How to Let dpkg Install Dependencies Automatically?

In Linux, dpkg stands for “Debian Package”. It is a command-line tool used for installing, configuring, and removing software packages in Debian-based Linux distributions such as Debian, Ubuntu, and their derivatives. The dpkg command is responsible for managing the individual software packages in a Debian-based Linux system.

This article has briefly explained the step-by-step instructions to install dependencies automatically. 

How to let dpkg Install Dependencies Automatically?

Users can prevent multiple problems such as missing files or libraries, packages that don’t work as expected, and many more. The step-by-step procedure to install dependencies automatically is provided below. 

Step 1: Install Dependencies Automatically

To install dependencies with dpkg, users can utilize the “-f” option to fix broken dependencies. In this way, the “apt” package manager installs any missing dependencies automatically by executing the below command:

$ sudo apt install -f

The above command installs all dependencies if the system is required. In our case, all the dependencies are already installed in the system. 

Step 2: Download .deb Package File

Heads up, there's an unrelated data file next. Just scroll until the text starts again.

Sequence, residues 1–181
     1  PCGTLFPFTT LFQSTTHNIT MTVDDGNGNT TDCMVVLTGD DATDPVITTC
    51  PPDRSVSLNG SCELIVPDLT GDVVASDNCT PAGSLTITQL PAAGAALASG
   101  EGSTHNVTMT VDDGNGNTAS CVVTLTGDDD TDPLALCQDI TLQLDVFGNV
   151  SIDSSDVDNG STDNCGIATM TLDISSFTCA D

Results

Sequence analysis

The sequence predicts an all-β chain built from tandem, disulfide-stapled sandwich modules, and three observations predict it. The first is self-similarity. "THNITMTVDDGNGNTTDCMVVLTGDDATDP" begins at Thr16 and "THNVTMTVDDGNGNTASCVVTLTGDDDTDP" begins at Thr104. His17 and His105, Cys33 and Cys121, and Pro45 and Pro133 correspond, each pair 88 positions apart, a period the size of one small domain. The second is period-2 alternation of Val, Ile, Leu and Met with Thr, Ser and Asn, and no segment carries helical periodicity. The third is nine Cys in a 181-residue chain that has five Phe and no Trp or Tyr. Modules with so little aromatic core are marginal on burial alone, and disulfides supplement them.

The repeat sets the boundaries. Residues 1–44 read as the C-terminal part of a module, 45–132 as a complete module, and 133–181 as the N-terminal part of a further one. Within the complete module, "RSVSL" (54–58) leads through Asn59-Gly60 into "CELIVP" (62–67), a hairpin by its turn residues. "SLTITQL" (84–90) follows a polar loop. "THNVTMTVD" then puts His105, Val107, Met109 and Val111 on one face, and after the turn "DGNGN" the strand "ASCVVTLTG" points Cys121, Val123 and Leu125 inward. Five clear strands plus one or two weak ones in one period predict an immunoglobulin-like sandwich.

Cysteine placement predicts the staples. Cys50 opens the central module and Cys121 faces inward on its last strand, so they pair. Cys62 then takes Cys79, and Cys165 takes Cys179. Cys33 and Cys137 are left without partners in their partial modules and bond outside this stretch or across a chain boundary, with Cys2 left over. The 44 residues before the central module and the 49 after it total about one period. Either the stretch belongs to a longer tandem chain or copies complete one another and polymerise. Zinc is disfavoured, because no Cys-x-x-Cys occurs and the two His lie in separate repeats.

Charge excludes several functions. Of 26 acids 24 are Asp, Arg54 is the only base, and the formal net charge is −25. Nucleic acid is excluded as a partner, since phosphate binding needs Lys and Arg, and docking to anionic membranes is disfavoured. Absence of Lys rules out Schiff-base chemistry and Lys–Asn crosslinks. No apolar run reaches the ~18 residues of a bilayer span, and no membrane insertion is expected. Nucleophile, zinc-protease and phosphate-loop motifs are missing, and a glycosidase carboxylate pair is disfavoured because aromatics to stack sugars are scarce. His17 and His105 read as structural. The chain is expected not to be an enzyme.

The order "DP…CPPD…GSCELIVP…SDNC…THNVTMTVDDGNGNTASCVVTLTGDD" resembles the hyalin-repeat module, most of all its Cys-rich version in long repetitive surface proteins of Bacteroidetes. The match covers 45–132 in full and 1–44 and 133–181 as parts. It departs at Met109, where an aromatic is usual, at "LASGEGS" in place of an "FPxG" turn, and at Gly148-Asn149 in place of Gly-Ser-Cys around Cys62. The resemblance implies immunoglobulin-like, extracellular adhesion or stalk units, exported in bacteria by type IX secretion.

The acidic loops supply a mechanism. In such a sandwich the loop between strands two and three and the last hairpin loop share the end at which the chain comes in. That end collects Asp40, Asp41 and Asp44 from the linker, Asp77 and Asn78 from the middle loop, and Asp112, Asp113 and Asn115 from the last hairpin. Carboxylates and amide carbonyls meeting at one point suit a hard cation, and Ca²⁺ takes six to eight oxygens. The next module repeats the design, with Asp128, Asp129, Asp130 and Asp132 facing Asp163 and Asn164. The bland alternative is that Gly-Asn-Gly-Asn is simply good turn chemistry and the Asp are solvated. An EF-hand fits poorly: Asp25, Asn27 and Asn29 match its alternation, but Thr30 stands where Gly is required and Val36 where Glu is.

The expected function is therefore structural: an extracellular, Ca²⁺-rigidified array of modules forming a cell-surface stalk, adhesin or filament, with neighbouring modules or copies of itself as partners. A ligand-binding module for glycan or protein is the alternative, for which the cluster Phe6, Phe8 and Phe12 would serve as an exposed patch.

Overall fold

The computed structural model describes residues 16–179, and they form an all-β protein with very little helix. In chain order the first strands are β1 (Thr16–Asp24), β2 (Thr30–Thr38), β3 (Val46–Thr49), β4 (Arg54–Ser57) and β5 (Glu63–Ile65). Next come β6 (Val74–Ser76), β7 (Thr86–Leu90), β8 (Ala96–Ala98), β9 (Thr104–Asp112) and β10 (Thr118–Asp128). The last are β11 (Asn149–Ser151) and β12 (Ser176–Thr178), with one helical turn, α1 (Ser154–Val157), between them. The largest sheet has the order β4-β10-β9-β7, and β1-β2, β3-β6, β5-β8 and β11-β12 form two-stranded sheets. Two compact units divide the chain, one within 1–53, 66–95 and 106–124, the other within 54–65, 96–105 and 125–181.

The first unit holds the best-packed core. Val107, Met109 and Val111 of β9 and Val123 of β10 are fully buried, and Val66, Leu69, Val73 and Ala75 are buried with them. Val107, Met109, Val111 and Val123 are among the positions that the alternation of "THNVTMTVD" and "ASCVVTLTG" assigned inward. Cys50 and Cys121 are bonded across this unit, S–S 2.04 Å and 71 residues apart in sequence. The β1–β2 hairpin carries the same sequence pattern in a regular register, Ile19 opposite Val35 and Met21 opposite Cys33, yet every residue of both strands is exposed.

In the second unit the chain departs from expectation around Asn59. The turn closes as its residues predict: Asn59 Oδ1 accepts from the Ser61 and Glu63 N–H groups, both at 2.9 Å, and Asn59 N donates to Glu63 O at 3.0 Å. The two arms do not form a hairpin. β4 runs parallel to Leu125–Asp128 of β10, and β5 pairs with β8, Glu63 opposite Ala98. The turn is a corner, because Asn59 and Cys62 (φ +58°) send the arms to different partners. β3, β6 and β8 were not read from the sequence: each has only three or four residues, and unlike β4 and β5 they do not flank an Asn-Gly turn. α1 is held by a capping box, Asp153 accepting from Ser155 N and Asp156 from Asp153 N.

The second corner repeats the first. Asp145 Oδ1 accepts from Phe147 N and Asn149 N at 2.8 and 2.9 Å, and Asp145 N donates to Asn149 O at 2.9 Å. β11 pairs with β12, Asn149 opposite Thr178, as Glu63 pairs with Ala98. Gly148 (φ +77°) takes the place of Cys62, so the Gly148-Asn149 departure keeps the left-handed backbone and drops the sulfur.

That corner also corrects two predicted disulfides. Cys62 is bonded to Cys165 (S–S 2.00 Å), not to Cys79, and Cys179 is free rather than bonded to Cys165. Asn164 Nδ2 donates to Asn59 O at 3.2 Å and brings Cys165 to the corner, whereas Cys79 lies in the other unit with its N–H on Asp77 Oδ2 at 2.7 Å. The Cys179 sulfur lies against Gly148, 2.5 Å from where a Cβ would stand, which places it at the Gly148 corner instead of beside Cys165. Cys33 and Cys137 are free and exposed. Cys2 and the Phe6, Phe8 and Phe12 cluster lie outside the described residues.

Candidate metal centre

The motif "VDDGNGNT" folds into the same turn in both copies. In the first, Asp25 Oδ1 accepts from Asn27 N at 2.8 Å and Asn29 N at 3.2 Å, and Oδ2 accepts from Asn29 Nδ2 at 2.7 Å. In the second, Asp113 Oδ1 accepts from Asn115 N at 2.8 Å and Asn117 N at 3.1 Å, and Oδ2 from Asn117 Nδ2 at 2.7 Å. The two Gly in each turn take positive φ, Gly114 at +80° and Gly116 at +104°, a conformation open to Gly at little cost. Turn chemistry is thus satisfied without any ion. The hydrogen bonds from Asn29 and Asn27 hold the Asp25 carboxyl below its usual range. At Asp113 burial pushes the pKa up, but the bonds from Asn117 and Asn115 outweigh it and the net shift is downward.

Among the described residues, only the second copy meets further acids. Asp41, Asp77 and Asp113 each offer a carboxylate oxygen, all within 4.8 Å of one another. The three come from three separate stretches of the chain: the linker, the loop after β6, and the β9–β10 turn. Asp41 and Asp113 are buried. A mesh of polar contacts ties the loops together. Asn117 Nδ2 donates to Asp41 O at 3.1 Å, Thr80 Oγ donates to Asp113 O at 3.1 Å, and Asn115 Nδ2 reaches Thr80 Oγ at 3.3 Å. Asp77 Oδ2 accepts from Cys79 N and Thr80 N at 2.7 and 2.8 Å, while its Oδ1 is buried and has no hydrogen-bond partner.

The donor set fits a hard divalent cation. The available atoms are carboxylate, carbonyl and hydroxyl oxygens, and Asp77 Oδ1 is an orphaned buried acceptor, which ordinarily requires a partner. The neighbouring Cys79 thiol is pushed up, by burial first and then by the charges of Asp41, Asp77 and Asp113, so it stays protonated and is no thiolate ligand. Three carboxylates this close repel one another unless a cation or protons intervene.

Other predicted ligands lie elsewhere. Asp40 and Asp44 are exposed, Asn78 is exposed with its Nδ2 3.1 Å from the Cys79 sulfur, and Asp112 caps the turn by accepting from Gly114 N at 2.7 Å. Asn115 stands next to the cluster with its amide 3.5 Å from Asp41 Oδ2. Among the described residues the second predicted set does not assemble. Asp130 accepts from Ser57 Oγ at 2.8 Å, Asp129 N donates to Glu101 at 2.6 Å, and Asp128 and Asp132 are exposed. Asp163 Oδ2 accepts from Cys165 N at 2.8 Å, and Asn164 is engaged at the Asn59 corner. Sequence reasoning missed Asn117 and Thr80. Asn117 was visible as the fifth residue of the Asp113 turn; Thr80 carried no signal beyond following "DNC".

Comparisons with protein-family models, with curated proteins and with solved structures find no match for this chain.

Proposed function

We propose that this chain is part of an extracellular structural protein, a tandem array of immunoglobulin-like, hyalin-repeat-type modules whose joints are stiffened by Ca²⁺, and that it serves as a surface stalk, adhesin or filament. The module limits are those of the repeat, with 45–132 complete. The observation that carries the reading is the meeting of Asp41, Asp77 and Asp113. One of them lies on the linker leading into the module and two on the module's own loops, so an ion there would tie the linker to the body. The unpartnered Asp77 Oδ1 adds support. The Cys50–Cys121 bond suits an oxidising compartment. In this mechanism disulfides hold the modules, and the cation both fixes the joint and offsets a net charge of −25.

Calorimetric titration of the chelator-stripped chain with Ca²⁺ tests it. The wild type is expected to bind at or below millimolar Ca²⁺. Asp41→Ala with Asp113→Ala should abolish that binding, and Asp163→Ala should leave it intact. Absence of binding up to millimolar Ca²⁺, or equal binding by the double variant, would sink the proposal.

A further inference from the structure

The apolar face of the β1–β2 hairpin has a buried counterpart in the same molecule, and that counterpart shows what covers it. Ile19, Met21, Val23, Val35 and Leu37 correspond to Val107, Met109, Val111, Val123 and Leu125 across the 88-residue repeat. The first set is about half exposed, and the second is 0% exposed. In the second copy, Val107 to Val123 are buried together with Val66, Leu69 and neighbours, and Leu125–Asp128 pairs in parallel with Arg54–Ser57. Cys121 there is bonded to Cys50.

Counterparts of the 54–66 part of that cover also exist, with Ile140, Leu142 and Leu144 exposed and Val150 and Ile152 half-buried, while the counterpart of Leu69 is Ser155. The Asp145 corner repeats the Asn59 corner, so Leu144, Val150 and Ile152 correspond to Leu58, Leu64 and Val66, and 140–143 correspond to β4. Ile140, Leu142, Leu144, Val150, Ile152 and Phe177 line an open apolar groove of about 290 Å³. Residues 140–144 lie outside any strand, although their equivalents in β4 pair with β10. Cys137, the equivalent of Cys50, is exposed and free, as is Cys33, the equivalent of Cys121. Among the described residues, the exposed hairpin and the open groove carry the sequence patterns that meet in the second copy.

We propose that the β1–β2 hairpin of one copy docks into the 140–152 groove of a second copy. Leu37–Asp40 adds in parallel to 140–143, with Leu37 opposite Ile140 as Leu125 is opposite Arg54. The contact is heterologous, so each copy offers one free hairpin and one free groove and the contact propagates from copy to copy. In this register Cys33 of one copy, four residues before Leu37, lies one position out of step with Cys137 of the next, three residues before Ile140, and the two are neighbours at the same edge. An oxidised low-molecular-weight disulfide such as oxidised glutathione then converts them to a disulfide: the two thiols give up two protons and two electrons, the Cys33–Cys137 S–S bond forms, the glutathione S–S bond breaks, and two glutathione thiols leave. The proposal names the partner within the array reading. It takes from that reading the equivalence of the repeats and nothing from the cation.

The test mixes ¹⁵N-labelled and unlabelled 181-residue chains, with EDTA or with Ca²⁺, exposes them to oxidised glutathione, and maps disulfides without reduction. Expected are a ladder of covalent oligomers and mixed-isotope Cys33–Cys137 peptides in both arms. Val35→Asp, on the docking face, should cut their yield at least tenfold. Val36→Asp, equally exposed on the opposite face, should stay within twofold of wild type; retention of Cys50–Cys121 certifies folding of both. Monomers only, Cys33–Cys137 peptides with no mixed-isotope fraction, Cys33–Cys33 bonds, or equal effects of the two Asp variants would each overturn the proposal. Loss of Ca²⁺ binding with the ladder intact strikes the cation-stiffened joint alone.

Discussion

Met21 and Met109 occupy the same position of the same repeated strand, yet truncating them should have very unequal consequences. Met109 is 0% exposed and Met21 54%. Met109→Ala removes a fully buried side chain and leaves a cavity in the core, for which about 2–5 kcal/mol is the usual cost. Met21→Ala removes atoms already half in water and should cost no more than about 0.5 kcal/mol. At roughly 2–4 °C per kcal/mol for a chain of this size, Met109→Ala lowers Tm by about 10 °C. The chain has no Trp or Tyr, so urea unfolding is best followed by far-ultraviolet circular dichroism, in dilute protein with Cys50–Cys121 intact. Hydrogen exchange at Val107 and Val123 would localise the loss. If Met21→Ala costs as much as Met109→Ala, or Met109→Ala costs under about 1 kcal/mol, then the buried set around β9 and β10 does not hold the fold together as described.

Users can download any Debian file to install the package in the operating system. In our case, download the “Google Chrome” package file that is supported to Linux from the official website:

$ wget

The output shows that the Debian package of “Google Chrome” has been downloaded.

Step 3: Install .deb Package File

Users can utilize the “dpkg” command with the “–i” option to install dependencies automatically. In our case, specify the package name “google-chrome-stable_current_amd64.deb” in the below script:

$ sudo dpkg -i google-chrome-stable_current_amd64.deb

The output shows that dependencies of the “google-chrome-stable_current_amd64” package have been installed automatically in the system.

Step 4: Verify Google Chrome

To verify all dependencies are installed automatically, users can utilize the “version” option by specifying the package name. For instance, specify the “google-chrome” to check the installed version:

$ google-chrome --version

The output authenticates that the “Google Chrome 110.0.5481.96” have been installed along with all dependent files.


To install dependencies with dpkg, users execute the “sudo apt install -f” command in the terminal. It ensures that all the required packages are installed on the system. After that, users can install any Debian package by executing the “dpkg–i <pacakge_name.deb>” command. 

This guide has briefly demonstrated the step-by-step procedure to install the package along with dependencies automatically.